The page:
Prior to the recent publication of the Government’s long awaited Transport Decarbonisation Plan my view was that ministers had left the issue of what to do with commercial traffic, particularly long-distance HGVs, on the ‘too difficult to handle’ pile. As a result many in the haulage industry had complained about a lack of direction and policy from central government. Not surprising in a way because currently there doesn’t seem to be a definitive plan for how long-distance haulage firms can be weaned off highly polluting fossil fuels. Yes many of the large operators have been trialling a wide variety of alternative fuels, including super market chains like Asda and Waitrose with trials of gas and other biofuels.
The government’s ‘Greenprint’ as it’s been called makes it clear that the transition to zero emissions is already underway for small commercial vehicles. But what’s the plan for heavy goods vehicles?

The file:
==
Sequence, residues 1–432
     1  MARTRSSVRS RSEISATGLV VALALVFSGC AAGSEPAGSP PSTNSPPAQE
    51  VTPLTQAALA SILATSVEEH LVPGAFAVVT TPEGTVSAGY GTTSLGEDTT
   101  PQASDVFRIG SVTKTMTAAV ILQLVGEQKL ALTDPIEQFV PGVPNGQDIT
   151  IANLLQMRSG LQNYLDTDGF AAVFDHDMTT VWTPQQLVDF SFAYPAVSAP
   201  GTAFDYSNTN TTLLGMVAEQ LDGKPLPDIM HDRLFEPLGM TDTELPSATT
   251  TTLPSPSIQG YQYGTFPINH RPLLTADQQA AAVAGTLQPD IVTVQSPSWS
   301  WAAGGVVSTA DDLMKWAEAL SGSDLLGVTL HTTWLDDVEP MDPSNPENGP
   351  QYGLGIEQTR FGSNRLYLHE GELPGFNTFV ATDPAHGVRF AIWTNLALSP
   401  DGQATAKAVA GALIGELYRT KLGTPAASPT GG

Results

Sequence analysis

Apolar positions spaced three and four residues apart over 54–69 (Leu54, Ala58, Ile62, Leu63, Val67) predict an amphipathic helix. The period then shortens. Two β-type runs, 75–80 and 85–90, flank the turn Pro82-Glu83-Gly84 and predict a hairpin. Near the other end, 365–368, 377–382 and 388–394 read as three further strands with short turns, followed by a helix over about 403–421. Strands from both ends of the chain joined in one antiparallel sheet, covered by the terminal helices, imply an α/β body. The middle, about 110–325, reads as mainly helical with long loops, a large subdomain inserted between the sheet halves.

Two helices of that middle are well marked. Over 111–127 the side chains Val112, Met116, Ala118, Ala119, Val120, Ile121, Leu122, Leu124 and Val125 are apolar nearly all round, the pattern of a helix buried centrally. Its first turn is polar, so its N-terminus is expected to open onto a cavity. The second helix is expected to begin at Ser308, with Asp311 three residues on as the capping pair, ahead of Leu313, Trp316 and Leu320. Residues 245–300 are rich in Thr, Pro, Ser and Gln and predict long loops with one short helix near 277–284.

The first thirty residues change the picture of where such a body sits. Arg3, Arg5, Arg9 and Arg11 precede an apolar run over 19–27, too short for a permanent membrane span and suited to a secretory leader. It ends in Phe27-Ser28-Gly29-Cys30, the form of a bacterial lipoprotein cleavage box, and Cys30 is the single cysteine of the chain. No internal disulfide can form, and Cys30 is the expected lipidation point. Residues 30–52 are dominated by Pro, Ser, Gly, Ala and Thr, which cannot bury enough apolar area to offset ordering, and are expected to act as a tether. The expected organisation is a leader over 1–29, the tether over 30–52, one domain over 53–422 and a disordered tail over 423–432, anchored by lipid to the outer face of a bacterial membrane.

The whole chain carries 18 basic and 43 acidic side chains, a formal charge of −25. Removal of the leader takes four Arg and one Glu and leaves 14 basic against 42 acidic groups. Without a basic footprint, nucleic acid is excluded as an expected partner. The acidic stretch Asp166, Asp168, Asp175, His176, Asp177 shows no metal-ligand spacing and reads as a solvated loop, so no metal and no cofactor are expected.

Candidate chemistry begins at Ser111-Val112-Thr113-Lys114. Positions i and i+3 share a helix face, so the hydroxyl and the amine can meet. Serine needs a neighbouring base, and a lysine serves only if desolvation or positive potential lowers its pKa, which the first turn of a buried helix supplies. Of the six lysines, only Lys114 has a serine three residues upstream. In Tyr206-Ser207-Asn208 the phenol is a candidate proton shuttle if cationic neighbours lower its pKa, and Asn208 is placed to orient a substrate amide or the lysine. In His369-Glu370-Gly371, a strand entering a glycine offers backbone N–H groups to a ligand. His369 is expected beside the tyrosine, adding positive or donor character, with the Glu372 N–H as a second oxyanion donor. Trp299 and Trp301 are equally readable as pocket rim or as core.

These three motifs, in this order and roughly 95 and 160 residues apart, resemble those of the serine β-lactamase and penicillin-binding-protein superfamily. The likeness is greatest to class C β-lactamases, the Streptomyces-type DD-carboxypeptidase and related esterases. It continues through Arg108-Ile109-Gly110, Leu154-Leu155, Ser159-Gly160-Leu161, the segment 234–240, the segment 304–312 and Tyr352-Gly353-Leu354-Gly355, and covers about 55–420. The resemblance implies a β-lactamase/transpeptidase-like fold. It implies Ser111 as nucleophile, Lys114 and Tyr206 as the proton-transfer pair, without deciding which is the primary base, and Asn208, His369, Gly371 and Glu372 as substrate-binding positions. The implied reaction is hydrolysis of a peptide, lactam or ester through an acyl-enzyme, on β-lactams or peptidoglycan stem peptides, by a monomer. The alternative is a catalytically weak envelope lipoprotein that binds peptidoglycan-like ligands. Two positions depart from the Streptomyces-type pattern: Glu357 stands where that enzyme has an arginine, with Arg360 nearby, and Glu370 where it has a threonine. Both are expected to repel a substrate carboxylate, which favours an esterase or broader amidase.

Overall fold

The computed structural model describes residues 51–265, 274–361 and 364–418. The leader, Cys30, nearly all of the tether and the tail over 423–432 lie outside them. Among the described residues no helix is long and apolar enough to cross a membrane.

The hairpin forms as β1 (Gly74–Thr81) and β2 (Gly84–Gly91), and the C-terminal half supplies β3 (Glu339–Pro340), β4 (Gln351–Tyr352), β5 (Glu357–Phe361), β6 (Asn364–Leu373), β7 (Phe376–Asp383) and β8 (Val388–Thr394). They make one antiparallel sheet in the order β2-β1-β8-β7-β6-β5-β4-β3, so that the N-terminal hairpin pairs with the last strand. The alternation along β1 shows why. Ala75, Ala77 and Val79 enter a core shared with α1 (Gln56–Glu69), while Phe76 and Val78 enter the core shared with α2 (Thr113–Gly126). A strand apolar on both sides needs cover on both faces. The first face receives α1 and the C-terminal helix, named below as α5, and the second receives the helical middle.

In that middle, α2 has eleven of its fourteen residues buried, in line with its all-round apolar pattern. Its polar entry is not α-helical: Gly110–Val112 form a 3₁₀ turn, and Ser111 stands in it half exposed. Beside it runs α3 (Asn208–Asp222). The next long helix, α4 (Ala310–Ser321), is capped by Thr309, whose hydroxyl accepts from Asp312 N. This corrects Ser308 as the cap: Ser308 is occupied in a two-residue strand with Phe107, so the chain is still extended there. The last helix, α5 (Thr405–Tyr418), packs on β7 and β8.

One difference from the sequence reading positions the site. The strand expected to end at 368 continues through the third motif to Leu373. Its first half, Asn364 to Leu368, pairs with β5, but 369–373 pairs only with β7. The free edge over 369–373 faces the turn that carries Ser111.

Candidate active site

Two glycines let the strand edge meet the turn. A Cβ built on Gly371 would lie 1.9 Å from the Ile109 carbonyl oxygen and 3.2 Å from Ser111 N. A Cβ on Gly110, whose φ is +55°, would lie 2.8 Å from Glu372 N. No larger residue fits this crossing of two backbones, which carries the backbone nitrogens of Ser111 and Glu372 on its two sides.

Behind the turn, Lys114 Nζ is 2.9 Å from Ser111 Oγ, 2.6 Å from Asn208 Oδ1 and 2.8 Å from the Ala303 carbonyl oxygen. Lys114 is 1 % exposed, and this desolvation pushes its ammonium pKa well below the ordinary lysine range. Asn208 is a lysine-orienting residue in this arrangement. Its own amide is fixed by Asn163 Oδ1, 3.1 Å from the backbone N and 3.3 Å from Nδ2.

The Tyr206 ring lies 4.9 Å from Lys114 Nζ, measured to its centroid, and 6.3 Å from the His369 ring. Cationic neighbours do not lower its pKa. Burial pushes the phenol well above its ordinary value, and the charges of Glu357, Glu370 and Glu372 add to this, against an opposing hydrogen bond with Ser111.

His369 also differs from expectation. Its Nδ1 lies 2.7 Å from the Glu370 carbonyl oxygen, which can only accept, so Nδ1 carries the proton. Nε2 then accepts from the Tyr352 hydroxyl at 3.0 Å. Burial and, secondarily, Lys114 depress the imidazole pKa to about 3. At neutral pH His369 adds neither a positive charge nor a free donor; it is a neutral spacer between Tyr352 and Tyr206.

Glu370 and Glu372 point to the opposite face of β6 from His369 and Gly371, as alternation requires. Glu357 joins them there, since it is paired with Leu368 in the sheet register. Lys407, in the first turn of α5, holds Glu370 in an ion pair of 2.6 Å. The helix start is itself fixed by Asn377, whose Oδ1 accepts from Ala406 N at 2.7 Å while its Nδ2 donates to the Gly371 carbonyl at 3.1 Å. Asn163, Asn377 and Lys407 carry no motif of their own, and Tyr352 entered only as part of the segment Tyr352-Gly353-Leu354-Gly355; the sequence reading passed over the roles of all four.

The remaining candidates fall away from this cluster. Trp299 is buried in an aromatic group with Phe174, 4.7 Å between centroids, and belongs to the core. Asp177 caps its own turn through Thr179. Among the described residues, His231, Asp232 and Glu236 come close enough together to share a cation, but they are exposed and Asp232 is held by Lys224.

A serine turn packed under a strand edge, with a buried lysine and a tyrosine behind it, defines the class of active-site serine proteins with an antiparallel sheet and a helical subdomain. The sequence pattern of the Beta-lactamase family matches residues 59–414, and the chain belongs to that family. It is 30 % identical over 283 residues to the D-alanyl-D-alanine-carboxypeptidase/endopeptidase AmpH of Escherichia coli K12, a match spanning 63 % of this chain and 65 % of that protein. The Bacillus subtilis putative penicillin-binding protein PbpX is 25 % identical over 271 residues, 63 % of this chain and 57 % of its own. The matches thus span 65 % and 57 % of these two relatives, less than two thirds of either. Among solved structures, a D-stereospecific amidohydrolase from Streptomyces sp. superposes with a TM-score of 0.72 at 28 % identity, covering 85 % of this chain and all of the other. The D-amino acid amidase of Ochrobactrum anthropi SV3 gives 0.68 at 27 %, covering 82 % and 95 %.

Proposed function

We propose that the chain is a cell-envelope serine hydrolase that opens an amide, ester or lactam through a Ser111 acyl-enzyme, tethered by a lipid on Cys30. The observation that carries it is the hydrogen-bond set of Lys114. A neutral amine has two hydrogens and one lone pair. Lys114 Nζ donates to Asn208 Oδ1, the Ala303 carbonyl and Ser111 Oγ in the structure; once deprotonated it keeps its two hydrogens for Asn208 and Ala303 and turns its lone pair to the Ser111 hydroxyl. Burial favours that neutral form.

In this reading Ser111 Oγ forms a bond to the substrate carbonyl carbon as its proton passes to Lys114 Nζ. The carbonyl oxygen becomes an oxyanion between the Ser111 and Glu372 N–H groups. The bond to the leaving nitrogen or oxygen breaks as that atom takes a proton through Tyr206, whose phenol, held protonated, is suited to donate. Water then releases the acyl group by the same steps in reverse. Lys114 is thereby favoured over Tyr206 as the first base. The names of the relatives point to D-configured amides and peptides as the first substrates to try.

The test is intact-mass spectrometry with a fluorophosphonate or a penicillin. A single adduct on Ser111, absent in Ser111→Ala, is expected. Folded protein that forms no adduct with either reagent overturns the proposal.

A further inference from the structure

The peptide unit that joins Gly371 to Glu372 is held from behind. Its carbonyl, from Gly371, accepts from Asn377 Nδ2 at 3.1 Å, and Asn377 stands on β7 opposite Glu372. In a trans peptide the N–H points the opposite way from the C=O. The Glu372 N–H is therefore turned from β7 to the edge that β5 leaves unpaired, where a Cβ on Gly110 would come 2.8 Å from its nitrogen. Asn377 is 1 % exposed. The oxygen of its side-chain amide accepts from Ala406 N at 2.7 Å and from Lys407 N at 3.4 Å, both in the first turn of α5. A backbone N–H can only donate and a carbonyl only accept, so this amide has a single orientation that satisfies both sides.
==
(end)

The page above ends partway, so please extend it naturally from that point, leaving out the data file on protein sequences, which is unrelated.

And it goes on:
Even if the charging infrastructure were built, current technology would mean that charging times when out on the road would clearly be too long and certainly much longer than drivers’ breaktimes. Scania has launched a range of EV trucks that can charge in 40 minutes, but they would require a super-fast charger and the range is restricted to 250km. The big question is how much further can EV technology go both in terms of weight and distance? And what about refrigerated lorries? They would use even more of the energy from battery packs, further restricting the range. For many it would seem that EV technology just isn’t up to the job and that hydrogen is probably the best bet for future long-haul HGVs. Indeed, the government’s Transport Decarbonisation Plan mentions that £20 million is being invested to support industry to develop cost-effective, zero emission HGVs and refuelling infrastructure across the UK. And it includes cash for various hydrogen fuel cell trials.
Read the article by Peter Plisner here: